Editor's Note: With its next women's basketball win, Kansas State University will hit the 800th all-time win milestone. Today and tomorrow "Sports Extra" will take a look at that history of the women's game at K-State with several of the coaches who have contributed to this remarkable accomplishment.
By Mark Janssen
MANHATTAN, Kan - An exact date for the initial game played in 1969 - win No. 1 - is not even recorded, but Kansas State defeated Bethel in the first-ever competitive women's basketball game in the school's history, 38-25.
Now as K-State prepares to play at Nebraska on Saturday at 7:05, the Wildcats are poised to join an elite sorority of 12 previous NCAA Division I women's basketball teams with 800 all-time victories. In its 43-year history, K-State's record stands at 799-474 for a winning percentage of .628.
"Anytime you're a part of history or setting a record, it's a feeling of accomplishment," said Matilda Mossman, who coached the Wildcats from 1984-85 to 1988-89, posting a five-year record of 83-68, which included a Big 8 title in 1986-87.
Deb Patterson, K-State's all-time winningest coach at 296 victories, added, "It is an amazing achievement and a testament to the great coaches that have come before me and to all the great players that they have had the opportunity to coach. In my 15 years here, I have had the opportunity to watch a lot of great, highly-competitive, tough-minded players."
K-State has reached the NCAA Tournament 11 times and has participated in the Postseason WNIT three times, including winning the 2006 title. Individually, K-State has 11 student-athletes who have garnered All-America honors and five Academic All-America citations.
Initiating the program and coaching the Wildcats to the first 206 wins was K-State Hall of Famer Judy Akers, who logged a record of 206-94 from 1968-69 through 1978-79. Her first team won its first 11 games before losing three times in the National Women's Invitational in Amarillo, Texas.
By her fifth season, K-State was a 20-game winner, which included a 3-1 record in the National AIAW Championships in New York to place sixth, and her Wildcats were again sixth at nationals in 1975.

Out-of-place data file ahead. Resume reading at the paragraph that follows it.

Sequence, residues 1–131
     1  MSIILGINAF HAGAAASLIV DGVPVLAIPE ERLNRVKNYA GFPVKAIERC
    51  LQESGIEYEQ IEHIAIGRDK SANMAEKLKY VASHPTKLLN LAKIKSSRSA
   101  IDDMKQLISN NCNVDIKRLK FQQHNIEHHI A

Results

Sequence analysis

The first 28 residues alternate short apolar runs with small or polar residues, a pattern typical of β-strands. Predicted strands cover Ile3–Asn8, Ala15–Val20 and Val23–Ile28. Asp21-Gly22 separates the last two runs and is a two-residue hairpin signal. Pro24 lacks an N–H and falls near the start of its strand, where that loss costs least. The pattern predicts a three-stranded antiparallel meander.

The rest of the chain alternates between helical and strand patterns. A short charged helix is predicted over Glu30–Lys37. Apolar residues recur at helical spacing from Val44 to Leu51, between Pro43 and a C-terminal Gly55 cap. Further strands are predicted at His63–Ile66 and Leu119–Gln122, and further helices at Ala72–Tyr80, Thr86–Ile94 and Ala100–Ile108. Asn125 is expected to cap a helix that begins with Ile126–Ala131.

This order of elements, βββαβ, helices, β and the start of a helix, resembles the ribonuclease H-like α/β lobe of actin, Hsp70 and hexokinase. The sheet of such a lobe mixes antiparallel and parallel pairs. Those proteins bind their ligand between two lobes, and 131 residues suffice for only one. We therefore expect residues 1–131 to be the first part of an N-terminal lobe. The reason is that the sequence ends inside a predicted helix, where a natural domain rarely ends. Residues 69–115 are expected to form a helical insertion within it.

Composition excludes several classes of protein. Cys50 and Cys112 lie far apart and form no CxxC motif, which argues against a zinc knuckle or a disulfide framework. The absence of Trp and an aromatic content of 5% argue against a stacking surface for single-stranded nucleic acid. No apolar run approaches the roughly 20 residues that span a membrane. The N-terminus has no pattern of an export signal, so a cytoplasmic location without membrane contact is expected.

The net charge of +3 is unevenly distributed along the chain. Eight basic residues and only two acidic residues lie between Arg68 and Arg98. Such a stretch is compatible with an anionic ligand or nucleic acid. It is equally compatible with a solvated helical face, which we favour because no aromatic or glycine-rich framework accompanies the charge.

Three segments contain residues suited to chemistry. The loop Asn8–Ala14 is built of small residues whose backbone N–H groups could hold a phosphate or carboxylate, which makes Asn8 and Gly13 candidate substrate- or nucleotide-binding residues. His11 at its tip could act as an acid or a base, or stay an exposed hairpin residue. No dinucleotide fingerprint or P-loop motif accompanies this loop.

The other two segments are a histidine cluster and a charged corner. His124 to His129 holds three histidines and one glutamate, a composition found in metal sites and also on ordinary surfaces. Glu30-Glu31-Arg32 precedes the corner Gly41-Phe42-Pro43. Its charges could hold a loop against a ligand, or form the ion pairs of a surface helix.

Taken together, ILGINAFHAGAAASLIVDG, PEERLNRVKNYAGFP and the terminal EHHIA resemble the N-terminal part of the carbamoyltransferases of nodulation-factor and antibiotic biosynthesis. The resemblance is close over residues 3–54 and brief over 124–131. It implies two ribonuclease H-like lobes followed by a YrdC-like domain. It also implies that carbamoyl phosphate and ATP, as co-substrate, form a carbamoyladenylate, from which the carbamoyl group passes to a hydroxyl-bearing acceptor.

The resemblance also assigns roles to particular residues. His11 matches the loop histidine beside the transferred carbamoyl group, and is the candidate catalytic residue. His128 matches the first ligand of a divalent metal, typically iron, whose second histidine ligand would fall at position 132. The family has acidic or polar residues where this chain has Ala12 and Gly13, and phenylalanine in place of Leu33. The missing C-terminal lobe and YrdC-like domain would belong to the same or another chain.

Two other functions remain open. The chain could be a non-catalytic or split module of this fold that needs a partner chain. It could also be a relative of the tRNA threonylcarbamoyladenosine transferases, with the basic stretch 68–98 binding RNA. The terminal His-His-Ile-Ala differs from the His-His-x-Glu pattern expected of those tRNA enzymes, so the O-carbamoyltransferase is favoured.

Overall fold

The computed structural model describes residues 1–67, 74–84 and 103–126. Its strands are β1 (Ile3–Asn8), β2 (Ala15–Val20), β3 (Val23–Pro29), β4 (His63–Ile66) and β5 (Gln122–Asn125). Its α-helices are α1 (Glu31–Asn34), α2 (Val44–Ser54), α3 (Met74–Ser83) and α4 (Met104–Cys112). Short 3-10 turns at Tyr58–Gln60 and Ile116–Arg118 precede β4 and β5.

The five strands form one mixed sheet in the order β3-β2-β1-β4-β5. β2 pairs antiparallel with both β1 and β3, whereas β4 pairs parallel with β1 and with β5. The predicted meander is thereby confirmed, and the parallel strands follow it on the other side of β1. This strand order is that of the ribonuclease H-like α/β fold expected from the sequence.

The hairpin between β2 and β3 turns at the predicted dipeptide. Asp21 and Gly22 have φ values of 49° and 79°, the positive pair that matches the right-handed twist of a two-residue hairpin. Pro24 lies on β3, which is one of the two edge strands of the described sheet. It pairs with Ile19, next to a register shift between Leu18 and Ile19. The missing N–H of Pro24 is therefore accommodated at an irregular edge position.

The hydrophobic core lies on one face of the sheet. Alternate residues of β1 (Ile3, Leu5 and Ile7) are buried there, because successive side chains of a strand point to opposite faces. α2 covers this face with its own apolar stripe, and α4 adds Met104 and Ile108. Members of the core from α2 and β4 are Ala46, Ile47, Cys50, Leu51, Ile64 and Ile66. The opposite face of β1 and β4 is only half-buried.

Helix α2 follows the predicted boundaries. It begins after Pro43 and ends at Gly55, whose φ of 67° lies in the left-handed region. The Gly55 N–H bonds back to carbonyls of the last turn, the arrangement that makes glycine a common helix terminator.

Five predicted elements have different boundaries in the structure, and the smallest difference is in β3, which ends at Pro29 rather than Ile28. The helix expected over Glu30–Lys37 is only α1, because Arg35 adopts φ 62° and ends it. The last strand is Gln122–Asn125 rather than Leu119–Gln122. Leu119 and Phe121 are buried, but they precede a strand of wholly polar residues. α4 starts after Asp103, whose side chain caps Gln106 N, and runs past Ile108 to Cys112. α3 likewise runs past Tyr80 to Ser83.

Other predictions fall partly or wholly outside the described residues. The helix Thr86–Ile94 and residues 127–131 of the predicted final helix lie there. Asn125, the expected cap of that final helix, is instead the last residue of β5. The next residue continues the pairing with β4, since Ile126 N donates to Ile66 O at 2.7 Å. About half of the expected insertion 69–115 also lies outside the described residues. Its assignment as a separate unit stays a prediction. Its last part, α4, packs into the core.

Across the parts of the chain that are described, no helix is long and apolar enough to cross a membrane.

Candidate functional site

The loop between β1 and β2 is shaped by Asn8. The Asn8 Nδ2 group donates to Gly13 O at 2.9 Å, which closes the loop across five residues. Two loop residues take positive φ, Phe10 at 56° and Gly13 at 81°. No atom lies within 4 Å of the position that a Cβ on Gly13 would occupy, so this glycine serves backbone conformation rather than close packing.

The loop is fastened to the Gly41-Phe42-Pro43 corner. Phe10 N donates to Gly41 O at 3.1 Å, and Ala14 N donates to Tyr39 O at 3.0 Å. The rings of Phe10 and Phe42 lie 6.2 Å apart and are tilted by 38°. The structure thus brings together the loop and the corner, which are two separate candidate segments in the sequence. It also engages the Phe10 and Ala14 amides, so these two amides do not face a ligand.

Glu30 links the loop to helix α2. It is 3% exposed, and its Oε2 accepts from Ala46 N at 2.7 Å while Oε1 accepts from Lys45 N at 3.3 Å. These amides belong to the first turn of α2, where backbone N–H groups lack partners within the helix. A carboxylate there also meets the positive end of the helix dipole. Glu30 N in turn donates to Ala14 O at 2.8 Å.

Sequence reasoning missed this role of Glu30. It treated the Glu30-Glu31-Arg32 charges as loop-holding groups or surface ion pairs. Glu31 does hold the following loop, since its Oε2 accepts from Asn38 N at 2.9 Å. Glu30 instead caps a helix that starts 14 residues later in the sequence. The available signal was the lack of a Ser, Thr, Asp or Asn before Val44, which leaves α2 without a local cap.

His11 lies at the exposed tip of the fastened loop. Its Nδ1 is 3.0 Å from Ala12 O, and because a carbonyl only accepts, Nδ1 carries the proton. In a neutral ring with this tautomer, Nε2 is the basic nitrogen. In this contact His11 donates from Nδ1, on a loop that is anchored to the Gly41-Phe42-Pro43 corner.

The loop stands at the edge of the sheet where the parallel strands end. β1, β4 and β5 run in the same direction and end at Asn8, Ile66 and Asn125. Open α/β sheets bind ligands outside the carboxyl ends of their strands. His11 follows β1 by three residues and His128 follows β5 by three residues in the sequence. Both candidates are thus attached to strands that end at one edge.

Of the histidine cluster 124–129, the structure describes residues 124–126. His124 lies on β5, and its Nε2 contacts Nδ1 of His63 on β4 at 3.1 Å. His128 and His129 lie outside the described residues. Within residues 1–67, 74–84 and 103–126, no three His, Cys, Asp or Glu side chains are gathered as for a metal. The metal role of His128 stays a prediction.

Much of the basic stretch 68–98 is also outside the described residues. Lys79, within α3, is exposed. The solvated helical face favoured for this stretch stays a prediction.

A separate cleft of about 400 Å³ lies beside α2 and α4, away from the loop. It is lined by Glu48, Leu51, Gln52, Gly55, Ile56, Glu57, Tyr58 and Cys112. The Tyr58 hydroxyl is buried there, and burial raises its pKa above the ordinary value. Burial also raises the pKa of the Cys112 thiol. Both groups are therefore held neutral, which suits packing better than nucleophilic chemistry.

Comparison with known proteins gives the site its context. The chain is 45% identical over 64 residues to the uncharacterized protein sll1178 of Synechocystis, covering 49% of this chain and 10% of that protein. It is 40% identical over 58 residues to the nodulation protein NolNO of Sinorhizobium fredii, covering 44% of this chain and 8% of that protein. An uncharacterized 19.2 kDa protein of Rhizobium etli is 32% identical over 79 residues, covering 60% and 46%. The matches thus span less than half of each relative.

"I have such a feeling of respect and appreciation for what Judy Akers achieved," Patterson said. "I am absolutely in awe of the persistence she showed during a time when there flat out was absolute and total resistance from every side against women's basketball as an entity."
No truer words have ever been spoken.
Akers remembers the days when her program had four basketballs, and it wasn't unusual that they turned up flat, or missing, due to not having a universal appreciation for her new sport. In the early days, the team practiced at 5 a.m., and each player had $3 a day for a travel allowance.
Yes, 5 a.m.; yes, $3!
It was a time when Title IX was just a rumor, but an equality that Akers fought for eventually winning the individual battle, but losing the personal war.
"I knew when I did it that I was through," said Akers of the inequality complaint she filed with the K-State administration in 1978. "Not only at K- State, but anywhere people weren't hiring coaches because they wanted winners.
"Coaches were wanted that would come in and not want more than four balls. There were plenty of them at the time. They didn't know any better," said Akers. "For me, it was the end (of coaching). You put it all on the line like that back then and you're not particularly welcome anywhere else. That was my one, and final, last stand."
Those who followed - Lynn Hickey, Mossman, Gaye Griffin, Susan Yow, Brian Agler, Jack Hartman and Patterson - had a life on easy street because of the efforts of Akers at K-State, and at schools all over the country.
Hickey, who like Akers is a K-State Hall of Famer, became the Wildcats' second coach and went 125-39 (.762) in her five seasons that included 26, 23, 26, 25 and 25 wins, Big 8 titles in 1982, 1983 and 1984, and attending the first three NCAA Tournaments.
"Judy put down the groundwork for the rest of us to be successful," said Hickey, who today is the athletics director at Texas-San Antonio. "Had we not had people like her, women's athletics would not be where it is today."
Patterson agreed: "It was happening all over the country, but I truly look at her as one of the pioneer fighters for equal opportunities for women. In her time, they did it with passion and love for the game, and not necessarily for personal gain or financial gain."
1. Tennessee, 1,154; 2. Louisiana tech, 994; 3. Old Dominion, 926; 4. Stephen F. Austin, 901; 5. James Madison, 899; 6. Texas, 865; 7. Ohio State, 851; 8. Tennessee Tech, 833; 9. Stanford, 820; 10. Georgia, 806; 11. Penn State, 801; 12. Long Beach, 800; 13. Kansas State, 799